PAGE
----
Oh, the dreaded query letter. Even after slaving away for months or years on a book, writing, editing - you’re still not finished. Now you have to write a query letter to send to an agent or editor. And everyone tells you (‘cause everyone knows) the query has to be perfect. You should spend weeks massaging the words, writing and re-writing until it’s perfect. If it’s not, the agent will trash it after scanning the fist sentence. One mis-spelling, one misplace comma, or, heaven-forbid, stating your credentials before giving the word count (!!!) and zip your letter is shredded, stamps steamed off the SASE and added to the agent’s growing pile of stamp-booty, and your name branded onto the Unacceptable list.
Let’s get down to reality. There’s really no reason in this day and age of computers with spell and grammar check to have mis-spellings and undecipherable grammar. And you should spend some time working on that query letter. You can also make it easier by following a set layout in your query letters. One I teach in my workshop is: Look, Hook, Book, Cook. You can come up with your own way of writing a query. Knowing what you want to include in the letter makes it easier to write the letter.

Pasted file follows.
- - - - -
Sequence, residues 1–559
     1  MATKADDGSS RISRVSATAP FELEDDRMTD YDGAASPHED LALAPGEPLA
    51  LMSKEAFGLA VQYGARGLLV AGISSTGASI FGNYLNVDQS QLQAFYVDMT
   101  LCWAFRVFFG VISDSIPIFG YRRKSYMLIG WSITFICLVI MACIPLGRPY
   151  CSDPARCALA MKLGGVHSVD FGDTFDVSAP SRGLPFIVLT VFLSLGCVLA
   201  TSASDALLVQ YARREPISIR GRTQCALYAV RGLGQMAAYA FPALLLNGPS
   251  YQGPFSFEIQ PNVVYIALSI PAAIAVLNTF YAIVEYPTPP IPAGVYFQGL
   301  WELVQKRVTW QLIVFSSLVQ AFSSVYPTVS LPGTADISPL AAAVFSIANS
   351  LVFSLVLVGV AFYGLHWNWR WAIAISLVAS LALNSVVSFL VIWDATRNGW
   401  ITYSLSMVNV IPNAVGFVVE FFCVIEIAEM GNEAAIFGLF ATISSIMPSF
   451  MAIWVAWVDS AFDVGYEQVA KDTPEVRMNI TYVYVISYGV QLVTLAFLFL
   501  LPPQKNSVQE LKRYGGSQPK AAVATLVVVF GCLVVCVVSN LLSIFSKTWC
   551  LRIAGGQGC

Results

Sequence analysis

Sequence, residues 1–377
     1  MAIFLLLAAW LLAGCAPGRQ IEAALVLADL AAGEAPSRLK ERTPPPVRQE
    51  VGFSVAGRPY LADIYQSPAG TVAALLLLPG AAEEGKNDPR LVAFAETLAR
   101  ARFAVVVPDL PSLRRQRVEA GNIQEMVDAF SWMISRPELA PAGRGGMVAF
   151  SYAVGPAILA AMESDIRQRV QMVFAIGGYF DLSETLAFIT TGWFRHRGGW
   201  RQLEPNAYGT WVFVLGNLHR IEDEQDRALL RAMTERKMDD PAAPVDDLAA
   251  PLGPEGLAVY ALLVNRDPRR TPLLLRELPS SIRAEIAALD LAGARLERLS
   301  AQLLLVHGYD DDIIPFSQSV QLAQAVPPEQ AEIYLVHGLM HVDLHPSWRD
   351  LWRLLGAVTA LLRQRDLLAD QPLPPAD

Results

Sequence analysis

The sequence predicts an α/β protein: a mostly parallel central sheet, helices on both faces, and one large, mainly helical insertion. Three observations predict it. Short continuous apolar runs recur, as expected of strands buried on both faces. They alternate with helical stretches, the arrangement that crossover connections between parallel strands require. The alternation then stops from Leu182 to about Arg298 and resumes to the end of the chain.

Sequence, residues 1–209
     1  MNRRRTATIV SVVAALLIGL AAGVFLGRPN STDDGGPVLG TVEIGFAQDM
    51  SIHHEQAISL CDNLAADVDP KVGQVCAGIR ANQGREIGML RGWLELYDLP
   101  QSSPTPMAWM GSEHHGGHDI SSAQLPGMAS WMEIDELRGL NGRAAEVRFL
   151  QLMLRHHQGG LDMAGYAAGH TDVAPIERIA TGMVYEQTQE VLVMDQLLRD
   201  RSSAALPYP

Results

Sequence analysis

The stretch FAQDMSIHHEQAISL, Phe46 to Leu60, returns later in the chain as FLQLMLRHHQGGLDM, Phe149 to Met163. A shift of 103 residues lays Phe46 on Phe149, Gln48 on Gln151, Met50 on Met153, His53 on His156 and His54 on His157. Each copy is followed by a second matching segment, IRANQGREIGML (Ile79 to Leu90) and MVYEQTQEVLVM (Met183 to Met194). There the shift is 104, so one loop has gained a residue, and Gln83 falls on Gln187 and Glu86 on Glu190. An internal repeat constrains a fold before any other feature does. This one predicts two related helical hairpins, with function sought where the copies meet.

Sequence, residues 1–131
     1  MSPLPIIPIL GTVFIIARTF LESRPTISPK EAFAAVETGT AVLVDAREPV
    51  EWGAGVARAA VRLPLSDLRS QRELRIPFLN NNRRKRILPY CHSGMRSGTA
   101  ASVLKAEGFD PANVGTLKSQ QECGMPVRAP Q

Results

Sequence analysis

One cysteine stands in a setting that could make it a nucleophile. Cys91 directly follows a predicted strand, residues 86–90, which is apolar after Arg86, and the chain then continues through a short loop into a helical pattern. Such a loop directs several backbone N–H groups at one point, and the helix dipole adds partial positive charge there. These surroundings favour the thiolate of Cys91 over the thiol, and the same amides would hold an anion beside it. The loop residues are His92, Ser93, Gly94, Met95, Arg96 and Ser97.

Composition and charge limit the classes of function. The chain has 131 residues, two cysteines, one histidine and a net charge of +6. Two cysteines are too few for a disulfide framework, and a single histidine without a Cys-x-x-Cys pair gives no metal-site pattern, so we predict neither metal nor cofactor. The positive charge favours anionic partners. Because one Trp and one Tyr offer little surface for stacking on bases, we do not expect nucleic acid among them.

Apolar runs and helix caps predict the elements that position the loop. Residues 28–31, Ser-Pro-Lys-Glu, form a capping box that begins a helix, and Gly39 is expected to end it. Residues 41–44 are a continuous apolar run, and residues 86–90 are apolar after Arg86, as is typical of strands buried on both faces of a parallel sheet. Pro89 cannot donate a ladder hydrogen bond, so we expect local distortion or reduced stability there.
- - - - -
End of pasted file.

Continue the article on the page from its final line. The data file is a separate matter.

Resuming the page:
But let’s not go into hyperventilation at the thought of having to write one. And let’s not spend as long crafting the letter as we did writing the book.
Stephen Barbara has written an article in Publishers Weekly about how’s he’s rather tired of all the perfect query letters crossing his desk. Read it. It might make you feel better.
1 week ago